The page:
February 16th, 2013 Brian Herzog
One common question at the reference desk is a patron asking for a specific book by describing the cover - they don't remember the title or author, but know it was "kind of red, with an airplane or a submarine, and maybe something like a roundish square type thing."
Being librarians, we take whatever information the patron can provide and do our best. I know many people dread this type of question (because it's often just impossible), but I sort of enjoy them. Since the expectation of success is so low to begin with, it's a fun challenge, and finding the right book is all the better for it.
In this case, the patron was actually a coworker of mine - she had taken her niece to a different library, and was trying to re-locate a book her niece had picked out and loved, to see if the author had any others. But all she could remember was that it was a newish kids book with a girl holding a duck on the cover.
I first went to Amazon's advanced search with this question. My keyword search was for "girl duck," limit to Condition=New, Format=Printed Books, Pub date after November 2012, and then submitted individual searches for each of the different kid ages one at a time. None of the searches has a likely-looking cover, so I decided to just use "duck" as my keyword (thinking that if a duck is on the cover it must be the important part of the story). I also dropped the idea of using the age limiter in favor of the Subject option limited to Children's Books.
In that search, result #10 looked promising. I called my coworker over to check, and she was excited - the book she'd seen with her niece was indeed Lulu: Lulu and the Duck in the Park (Book 1), by Hilary McKay and Priscilla Lamont*.
Awesome. But then I started to wonder - was Amazon the best tool for this question? There is no really good "look up a book by cover" resource out there, although I would love there to be. LibraryThing started down this road with CoverGuess. The genius of their approach was to gamify the data entry part of tagging cover art, but I don't think a searchable interface has ever been created.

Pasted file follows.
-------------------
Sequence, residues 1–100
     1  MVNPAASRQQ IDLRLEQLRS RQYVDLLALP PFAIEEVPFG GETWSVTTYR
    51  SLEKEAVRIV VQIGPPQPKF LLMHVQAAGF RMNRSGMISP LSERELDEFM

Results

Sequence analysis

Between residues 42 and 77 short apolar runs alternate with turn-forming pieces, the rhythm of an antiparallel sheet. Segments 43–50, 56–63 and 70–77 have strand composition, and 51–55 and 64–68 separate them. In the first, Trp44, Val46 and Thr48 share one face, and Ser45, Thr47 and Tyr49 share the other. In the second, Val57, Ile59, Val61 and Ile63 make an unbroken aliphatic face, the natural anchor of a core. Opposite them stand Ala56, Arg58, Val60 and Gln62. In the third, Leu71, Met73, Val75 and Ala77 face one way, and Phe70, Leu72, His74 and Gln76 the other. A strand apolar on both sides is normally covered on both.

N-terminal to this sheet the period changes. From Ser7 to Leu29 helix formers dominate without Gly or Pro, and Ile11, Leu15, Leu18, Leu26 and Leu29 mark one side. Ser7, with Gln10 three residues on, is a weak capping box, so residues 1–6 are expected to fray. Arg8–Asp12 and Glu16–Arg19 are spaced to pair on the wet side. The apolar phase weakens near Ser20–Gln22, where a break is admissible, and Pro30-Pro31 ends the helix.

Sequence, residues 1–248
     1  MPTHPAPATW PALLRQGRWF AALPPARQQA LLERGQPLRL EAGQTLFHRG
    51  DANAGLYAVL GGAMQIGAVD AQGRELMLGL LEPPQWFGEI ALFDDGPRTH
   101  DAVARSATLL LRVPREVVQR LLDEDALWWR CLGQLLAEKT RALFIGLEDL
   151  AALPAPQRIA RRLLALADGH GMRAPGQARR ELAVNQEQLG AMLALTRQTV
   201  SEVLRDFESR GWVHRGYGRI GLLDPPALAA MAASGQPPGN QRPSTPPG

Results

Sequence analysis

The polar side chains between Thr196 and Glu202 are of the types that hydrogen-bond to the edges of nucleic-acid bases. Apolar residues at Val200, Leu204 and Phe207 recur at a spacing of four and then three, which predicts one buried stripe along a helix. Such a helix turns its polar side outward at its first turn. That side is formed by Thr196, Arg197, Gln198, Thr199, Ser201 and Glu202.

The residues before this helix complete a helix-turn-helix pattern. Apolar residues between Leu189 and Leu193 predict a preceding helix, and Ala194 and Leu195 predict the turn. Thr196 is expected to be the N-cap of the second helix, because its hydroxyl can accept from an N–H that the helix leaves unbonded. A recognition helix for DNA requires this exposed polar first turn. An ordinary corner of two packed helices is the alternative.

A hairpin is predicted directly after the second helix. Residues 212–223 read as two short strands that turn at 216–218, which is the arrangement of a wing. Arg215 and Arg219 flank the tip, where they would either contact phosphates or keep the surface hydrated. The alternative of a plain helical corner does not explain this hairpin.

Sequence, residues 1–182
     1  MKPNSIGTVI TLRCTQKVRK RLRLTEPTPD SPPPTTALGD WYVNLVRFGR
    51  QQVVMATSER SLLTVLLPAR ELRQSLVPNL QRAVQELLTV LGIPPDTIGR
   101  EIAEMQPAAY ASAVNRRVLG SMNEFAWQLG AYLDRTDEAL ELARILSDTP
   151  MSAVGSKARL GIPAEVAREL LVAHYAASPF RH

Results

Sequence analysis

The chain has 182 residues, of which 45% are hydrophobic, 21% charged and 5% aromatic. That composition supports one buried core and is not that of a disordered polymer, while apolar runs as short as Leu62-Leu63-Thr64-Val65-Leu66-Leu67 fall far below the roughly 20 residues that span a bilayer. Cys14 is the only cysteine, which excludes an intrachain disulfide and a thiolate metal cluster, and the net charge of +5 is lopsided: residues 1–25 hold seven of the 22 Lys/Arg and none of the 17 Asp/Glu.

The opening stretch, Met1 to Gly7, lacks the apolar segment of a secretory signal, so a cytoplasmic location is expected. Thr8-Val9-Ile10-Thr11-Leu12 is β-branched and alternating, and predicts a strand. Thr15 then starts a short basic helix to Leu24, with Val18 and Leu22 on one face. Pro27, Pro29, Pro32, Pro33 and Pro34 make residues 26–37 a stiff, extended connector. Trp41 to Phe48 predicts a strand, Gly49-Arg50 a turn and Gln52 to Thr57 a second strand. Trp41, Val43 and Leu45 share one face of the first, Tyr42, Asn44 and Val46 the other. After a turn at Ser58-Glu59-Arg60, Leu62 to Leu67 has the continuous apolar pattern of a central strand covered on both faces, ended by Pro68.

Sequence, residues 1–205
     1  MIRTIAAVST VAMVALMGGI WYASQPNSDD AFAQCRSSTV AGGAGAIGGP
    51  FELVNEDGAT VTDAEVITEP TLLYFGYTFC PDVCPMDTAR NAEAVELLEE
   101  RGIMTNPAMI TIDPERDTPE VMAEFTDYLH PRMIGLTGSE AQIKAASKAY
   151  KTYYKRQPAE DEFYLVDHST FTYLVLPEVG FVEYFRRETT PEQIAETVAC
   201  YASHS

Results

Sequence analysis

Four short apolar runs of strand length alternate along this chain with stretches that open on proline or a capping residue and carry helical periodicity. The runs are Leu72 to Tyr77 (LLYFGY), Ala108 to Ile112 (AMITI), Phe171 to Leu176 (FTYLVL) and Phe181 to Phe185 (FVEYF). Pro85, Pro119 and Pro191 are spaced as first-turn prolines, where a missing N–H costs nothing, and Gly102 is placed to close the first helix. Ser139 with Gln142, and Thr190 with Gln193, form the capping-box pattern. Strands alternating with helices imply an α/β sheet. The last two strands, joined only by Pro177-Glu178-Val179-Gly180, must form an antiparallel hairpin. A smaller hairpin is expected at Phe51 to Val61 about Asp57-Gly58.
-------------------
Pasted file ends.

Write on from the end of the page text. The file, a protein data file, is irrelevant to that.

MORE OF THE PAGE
Anyway, out of curiosity I decided to run the same search process in Novelist and the library catalog, to see if I could have successfully located the book with those tools.
Novelist's advanced search is more complex than Amazon's - I used "girl duck" as a keyword, limited to Audience = 0-8 Years, and Publication Date from = November 2012:
In my library's catalog's advanced search, I used "duck" as the keyword, limited to Format = Books, Audience = Kids, and Publication Year after 2011:
And now the results - each one has the number next to it indicating how far down this book was in the search results:
In all cases it was findable, but Novelist ranked it the highest with the fewest search limiters. However, since Novelist is a subscription database, getting to the search interface is a much more cumbersome process than using Amazon. The library catalog is easy to get to and the search interface is reasonable, but burying the book at #55 is bad because many people give up log before the sixth page of search results (thanks for that, Google).
Something else I noticed, and what I think is another strike against the library catalog, was the various sizes of the cover images. Comparatively, the library catalog's cover thumbnail is tiny, and because of this it's not really evident that the girl is holding a duck. Since that's all I had to go on with this search, if I had started with the library catalog, I probably would have missed this book entirely. I don't know why the thumbnails are as small as they are, but it seems the catalog would be improved by making them almost twice the size they are now.
So there you go, my curiosity was sated. Anyone else have a favorite method for finding books by cover descriptions?
*I don't know why Amazon has the publication date as September 2013, since the other library apparently had it cataloged and on their shelf. Ah, sweet mysteries of life.
October 1st, 2009 Brian Herzog
This announcement was making the rounds yesterday on Twitter, and it seems to qualify as the-sky-is-falling type news:
The Library of Congress is revising their "Cookery" subject heading [pdf], saying:
The use of the term “cookery” will be discontinued in these categories of headings. The term “cooking” will be used instead in most cases.
The "Cookery" example was always the go-to citation for demonstrating how traditional library institutions were out of date, and how Web 2.0 tagging filled a need by linking together books and information based on the way people actually think and speak.